in Up Front
print the content item


The California Air Resources Board (CARB), one of the state's most influential regulatory bodies, voted late last week to approve a set of new rules that aim to reduce emissions from cars and light trucks.

Dubbed the "Advanced Clean Cars" program, the initiative will concentrate on controlling greenhouse-gas (GHG) and pollutant emissions for vehicle model years 2017 through 2025. According to CARB, the program is targeting a 75% reduction in smog-forming emissions from new vehicles by 2025, compared to 2014 levels, as well as a 34% decrease in greenhouse gas emissions from 2016 levels.

Program requirements will call for heightened standards for diesel- and gasoline-powered cars, as well as set the stage for a more aggressive deployment of electric and plug-in hybrid vehicles. For instance, zero-emission vehicles and plug-in hybrids will need to comprise more than 15% of new sales by 2025.

The initiative also focuses on improving the marketplace for hydrogen fuel cell vehicles, including the development of hydrogen refueling infrastructure. In fact, CARB suggests that hydrogen-powered vehicles must ultimately represent more than half of all cars and light-duty trucks on the road in California in order to meet the state's aggressive GHG target: 80% below 1990 levels by 2050.

"California is putting the pedal to the metal on electric cars and healthier air by strengthening its clean-car standards," David Friedman, deputy director of the Union of Concerned Scientists' Clean Vehicles program, said in a statement. "With these new standards, California will give car buyers a real choice between the fuels of the past and the clean cars of the future."

CALSTART, a nonprofit serving the clean transportation industry, was also encouraged by CARB's decision. John Boesel, the group's president and CEO, said the vote was "truly historic."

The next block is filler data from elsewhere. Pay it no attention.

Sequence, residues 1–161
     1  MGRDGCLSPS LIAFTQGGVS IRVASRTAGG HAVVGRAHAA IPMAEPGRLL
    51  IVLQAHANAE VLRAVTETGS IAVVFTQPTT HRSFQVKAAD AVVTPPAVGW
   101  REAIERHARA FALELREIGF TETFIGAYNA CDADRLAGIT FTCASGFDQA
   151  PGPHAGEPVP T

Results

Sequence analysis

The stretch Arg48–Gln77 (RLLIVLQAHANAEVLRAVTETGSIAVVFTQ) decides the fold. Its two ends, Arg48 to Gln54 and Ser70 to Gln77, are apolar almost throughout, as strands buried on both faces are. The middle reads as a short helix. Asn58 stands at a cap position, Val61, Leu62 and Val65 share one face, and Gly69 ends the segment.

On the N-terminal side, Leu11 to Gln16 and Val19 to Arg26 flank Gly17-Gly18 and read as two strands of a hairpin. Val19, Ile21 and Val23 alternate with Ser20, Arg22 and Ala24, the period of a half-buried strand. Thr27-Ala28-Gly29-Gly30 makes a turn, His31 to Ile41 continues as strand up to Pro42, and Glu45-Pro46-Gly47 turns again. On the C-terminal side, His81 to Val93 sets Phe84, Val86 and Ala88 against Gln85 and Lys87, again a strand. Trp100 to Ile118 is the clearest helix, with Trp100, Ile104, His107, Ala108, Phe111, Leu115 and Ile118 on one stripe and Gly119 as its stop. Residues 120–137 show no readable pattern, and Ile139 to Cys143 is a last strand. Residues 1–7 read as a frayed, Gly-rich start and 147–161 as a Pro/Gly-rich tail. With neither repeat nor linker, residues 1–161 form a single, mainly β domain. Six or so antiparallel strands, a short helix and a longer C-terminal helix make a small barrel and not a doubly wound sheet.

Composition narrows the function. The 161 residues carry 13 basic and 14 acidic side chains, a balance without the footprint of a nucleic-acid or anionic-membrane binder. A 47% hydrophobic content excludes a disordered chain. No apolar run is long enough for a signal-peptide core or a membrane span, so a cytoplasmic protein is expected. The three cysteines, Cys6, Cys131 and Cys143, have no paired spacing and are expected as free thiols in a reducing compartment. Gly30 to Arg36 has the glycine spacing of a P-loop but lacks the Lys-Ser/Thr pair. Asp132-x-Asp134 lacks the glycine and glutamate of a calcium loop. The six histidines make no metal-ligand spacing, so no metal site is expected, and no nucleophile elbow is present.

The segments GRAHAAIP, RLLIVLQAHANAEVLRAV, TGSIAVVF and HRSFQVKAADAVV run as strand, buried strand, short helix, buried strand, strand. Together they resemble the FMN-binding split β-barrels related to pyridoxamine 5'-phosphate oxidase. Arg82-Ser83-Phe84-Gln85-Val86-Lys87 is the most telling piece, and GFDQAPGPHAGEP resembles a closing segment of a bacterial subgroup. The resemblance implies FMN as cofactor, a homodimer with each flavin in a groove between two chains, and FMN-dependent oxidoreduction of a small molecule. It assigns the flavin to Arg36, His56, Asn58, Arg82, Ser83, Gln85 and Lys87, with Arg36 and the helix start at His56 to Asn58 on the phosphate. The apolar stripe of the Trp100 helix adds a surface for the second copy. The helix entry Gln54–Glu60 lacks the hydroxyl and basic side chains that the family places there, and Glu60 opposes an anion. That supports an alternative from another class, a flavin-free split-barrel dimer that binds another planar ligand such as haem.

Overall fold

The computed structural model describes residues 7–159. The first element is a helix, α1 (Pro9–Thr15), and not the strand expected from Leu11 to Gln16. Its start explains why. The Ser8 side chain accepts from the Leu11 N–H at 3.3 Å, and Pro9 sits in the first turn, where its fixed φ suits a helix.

"The suite of strong pro-clean car policies adopted by [CARB] were made possible because of the tremendous technological progress made by the industry over the last 20 years, and because of the potential going forward," Boesel said.

ROUSH_id176

Related Stories
WEH Tech_id258
AGA Systems_id297
Latest Top Stories

The Toughest Fleet Jobs Have A New Natural Gas Option

The 114SD is set to be available with a more powerful Cummins Westport engine.


Long-Awaited Diesel Gallon Equivalent Proposal Gets Rejected

The National Conference on Weights and Measures has decided the gasoline gallon equivalent of compressed natural gas should stay as it is.


Clean Energy Takes CNG Deeper Into New England

The company's Pembroke, N.H., location will be supplying a minimum of 10 million GGE annually.


Ohio's Largest Compressed Natural Gas Station Ready for Fueling Action

Columbus is driving ahead with the infrastructure needed to support 400+ NGVs by 2020.


NHTSA Investigating Fatal Natural Gas Vehicle Accident

The federal agency will be determining whether a CNG system defect exists and, in turn, a recall is warranted.

NGVOK_id288
NGV America _id321
ET Environmental_id238
Precision Fit_id259
Luxfer_id313
Bauer_id323
CNG_id317
CertifiedCNG_id308